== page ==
A New Federalism in Australian Education
New report pushes for bold reform to Australian schooling
Wednesday 22 July
An ambitious new proposal for a national reform agenda for Australian schooling was released today by Education Foundation (a division of The Foundation for Young Australians) in collaboration with The R. E. Ross Trust. Prepared by Professor Jack Keating, the University of Melbourne, the report highlights a number of structural weaknesses in Australia’s education system and proposes a path towards a cooperative rather than competitive federalist approach to schooling.
A New Federalism in Australian Education was launched at a forum in Melbourne attended by many of Australia’s leading education experts, policy makers and thinkers including John Dawkins AO, former Treasurer of the Commonwealth of Australia and the Hon Steve Bracks.
Professor Keating, Thought Leadership Fellow at Education Foundation said, “At its heart, this report is about tackling some of the root causes of educational inequality. There are enormous social and economic benefits to be gained from a well-implemented reform of our schooling system.”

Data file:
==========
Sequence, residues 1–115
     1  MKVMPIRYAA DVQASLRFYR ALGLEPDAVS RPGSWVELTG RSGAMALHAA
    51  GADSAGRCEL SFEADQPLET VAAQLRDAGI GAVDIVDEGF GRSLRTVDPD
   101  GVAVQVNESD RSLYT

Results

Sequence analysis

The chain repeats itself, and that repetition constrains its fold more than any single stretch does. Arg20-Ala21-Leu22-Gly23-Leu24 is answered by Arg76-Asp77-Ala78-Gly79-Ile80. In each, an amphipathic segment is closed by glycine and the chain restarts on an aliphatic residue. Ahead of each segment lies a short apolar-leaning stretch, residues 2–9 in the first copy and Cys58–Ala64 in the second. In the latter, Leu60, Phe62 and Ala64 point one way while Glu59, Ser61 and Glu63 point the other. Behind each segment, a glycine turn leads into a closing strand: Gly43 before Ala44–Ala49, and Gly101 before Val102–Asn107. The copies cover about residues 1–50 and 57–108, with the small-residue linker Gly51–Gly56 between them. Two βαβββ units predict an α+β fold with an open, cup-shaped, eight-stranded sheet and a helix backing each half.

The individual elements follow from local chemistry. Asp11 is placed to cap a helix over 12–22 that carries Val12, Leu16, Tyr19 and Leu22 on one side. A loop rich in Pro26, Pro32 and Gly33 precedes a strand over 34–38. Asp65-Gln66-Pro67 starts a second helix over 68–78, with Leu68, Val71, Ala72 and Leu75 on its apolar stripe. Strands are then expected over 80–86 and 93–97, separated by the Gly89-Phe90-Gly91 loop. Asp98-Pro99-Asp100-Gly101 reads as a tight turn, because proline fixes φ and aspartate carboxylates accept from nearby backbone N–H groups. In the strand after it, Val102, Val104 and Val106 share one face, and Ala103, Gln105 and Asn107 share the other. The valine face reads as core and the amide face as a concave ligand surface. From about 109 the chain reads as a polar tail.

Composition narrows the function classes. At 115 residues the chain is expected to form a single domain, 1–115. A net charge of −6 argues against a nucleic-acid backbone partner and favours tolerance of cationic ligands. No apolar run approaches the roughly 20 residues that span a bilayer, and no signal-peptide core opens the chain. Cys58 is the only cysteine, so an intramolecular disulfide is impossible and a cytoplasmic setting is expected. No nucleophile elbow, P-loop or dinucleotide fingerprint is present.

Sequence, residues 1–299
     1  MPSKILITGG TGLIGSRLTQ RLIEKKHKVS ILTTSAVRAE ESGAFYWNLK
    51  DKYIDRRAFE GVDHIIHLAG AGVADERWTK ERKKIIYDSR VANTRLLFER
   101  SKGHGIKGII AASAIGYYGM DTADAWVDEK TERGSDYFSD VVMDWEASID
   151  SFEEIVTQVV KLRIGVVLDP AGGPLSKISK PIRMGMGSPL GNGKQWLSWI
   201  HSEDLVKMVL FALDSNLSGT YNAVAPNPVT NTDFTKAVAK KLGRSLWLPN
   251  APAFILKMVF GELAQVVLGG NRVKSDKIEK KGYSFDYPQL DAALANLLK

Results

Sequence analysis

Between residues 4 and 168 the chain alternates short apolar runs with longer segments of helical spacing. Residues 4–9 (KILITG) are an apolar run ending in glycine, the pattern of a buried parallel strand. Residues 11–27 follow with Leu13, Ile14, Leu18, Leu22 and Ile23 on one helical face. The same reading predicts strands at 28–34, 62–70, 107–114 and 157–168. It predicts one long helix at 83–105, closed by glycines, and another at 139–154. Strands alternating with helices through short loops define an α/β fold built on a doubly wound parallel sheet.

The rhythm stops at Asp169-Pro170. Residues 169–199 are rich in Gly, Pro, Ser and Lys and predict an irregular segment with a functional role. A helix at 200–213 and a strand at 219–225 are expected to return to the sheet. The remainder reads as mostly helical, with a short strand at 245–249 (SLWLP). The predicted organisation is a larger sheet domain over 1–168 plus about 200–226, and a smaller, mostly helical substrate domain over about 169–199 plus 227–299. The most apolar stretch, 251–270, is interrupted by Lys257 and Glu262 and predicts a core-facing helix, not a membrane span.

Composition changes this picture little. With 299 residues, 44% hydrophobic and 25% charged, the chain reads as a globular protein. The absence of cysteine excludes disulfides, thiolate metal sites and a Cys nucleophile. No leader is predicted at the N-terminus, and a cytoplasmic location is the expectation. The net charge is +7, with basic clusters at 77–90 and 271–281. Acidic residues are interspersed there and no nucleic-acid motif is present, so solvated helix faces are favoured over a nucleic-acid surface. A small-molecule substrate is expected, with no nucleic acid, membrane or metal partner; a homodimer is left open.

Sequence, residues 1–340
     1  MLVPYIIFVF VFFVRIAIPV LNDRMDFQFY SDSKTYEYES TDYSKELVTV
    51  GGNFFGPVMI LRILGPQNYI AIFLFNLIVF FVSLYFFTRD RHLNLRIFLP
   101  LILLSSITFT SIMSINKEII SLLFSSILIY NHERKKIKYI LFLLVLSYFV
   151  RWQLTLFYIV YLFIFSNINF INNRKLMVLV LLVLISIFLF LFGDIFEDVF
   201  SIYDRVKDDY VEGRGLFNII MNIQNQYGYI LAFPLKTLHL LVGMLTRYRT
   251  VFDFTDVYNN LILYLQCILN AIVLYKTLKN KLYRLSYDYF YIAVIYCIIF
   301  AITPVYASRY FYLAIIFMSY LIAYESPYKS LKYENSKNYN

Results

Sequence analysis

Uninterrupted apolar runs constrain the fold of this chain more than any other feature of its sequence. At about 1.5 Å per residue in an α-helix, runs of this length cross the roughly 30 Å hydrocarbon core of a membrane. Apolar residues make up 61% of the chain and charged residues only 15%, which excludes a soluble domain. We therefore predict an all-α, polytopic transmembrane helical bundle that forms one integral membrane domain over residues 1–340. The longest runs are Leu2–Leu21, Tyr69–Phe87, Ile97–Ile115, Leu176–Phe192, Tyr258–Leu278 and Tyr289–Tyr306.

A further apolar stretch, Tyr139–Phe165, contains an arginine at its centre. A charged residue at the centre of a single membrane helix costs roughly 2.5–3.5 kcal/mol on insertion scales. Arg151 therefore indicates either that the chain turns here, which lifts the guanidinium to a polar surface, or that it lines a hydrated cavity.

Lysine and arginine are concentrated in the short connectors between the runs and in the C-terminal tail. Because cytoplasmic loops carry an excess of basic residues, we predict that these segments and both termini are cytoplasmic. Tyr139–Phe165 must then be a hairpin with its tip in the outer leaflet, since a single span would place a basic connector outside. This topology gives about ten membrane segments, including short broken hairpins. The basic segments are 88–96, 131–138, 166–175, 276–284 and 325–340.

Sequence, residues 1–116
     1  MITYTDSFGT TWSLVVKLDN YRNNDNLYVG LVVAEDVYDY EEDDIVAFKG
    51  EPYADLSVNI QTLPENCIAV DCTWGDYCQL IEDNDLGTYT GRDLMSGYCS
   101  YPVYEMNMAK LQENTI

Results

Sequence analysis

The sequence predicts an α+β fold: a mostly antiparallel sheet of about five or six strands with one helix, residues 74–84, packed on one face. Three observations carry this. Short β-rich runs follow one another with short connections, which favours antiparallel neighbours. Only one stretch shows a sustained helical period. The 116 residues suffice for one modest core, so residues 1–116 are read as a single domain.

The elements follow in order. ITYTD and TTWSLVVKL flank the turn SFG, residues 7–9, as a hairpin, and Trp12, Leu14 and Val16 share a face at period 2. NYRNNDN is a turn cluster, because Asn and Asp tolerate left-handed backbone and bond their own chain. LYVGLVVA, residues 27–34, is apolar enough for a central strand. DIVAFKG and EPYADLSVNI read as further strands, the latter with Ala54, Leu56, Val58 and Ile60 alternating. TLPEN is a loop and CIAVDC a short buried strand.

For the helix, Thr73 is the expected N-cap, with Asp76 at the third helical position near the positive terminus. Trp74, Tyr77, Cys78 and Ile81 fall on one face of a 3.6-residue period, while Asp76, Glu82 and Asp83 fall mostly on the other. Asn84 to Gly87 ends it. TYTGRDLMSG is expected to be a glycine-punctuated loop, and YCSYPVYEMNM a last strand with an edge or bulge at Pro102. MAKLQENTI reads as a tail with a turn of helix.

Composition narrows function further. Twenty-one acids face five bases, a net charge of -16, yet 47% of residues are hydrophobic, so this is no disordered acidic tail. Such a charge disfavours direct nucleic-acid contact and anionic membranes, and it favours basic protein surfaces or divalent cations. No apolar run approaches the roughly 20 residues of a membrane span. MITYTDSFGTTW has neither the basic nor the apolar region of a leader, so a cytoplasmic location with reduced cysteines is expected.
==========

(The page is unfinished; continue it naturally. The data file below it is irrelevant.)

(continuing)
Central to this report is the call for a multi-level, federalist approach to funding that prioritises schools with low completion rates and offers fee relief for low-income families. It recommends additional investment in early childhood education; an acceleration of interventionist programs in the middle years of secondary school to curb school leaving; and a strengthening of upper secondary pathways to further education and training that do not rely solely on academic results. The report also proposes the establishment of a national education regulatory agency to support these actions and reforms.
“We believe that this proposal provides a timely and ambitious agenda for strengthening Australian schooling,” said Dr Lucas Walsh, Director of Research at The Foundation for Young Australians. “It provides a bold platform from which we can develop a vision of schooling based on quality and equity for all Australians.”
Professor Glyn Davis AC, Vice-Chancellor at the University of Melbourne said, “This is the most comprehensive analysis of the effects of federalism on schooling I can recall. We are fortunate indeed to have a scholar of Keating’s ability focused on such important foundational questions.”
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